Brief Fact Summary
Granrud was a vendor of land in Nevada who made an oral agreement with Bernkrant (Plaintiff) and other purchasers that if they paid a significant part of their debt prior to the due date he would provide in his will for the cancellation of any remaining indebtedness, but Granrud died having made no such provision in the will.
Synopsis of Rule of Law
The basic policy of enforcing lawful contracts made under the law of the state of execution prevents the application of the forum’s Statute of Frauds when the application arises because contracting parties move across state lines.
Granrud was a vendor of Nevada land who asked Bernkrant (Plaintiff) and the other purchasers to refinance their obligations and to pay a significant part of their indebtedness prior to the due date.Â He made an oral promise that if Plaintiff and the others did this he would provide by will that any part of the purchase price still unpaid at his death would be cancelled.Â Plaintiff and the others agreed to the request.Â The vendor died with approximately $6,000 of the purchase money unpaid, but his will made no provision for the debt’s cancellation.Â The purchasers brought an action in California against Fowler (Defendant), the vendor’s executor, to enforce the oral agreement.Â Under Nevada law where the agreement was transacted, an oral contract such as this is valid.Â However, under California law, such a transaction is only valid if written.Â The trial court gave judgment for Fowler (Defendant) and Bernkrant (Plaintiff) appealed.
Does the basic policy of enforcing lawful contracts made under the law of the state of execution prevent the application of the forum’s Statute of Frauds when the application arises because contracting parties move across state lines?
(Taynor, J.)Â Yes.Â The basic policy of enforcing lawful contracts made under the law of the state of execution prevents the application of the forum’s Statute of Frauds when the application arises because contracting parties move across state lines.Â The contract is valid under the laws of Nevada where it was executed and performed but invalid under the California Statute of Frauds if that Statute is applicable.Â There is no doubt that California’s interest in protecting estates being probated here from false claims based on alleged oral contracts to make wills is constitutionally sufficient to justify making our Statute of Frauds applicable to all contracts such as this. However, the legislature is usually concerned with enacting laws to govern purely local transactions, and it has not spelled out the extent to which the Statute of Frauds is to apply to a contract having substantial contacts with another state.Â In this case, Plaintiff and the others were residents of Nevada; the contract was made in Nevada, and performed in Nevada.Â If Granrud were a resident of Nevada at the time of the contracts inception, the California Statute of Frauds would not apply even though Granrud moved to California afterwards.Â The basic policy of upholding the expectations of the parties by enforcing contracts valid under the law of the state where the transaction occurred would prevent an interpretation of the Statute of Frauds that would make it apply to and therefore invalidate the contract because of the movement of one or more of the parties across state lines.Â In this case, however, there is no finding regarding where Granrud was domiciled at the time the contract was made and therefore the plaintiffs could not be expected to have been alerted to the Statute of Frauds.Â Reversed.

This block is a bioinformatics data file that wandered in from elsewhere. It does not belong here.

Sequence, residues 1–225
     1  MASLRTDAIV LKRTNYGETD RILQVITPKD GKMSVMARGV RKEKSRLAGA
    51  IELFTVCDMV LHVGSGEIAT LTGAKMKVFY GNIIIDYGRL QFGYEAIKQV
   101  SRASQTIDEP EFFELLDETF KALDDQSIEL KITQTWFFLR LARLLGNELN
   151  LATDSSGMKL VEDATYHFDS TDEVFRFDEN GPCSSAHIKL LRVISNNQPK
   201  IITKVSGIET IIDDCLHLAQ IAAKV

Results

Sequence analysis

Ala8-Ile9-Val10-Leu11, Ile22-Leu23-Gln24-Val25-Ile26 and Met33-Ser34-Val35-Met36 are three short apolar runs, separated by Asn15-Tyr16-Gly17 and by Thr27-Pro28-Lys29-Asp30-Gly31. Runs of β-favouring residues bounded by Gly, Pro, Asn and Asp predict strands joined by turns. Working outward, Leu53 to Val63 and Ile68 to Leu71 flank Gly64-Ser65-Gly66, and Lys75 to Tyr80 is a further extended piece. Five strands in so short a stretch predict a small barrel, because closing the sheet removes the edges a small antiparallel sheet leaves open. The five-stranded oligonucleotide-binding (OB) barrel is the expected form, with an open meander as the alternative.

Apparently, even if Granrud was domiciled in California, the result would be the same since the contract was made in Nevada, performed by plaintiffs in Nevada, and it involved the refinancing of obligations arising from the sale of land in Nevada and secured by interests in Nevada.Â The court therefore concluded that Nevada has a substantial interest in the contract and in protecting the rights of Nevada residents as parties to the contract.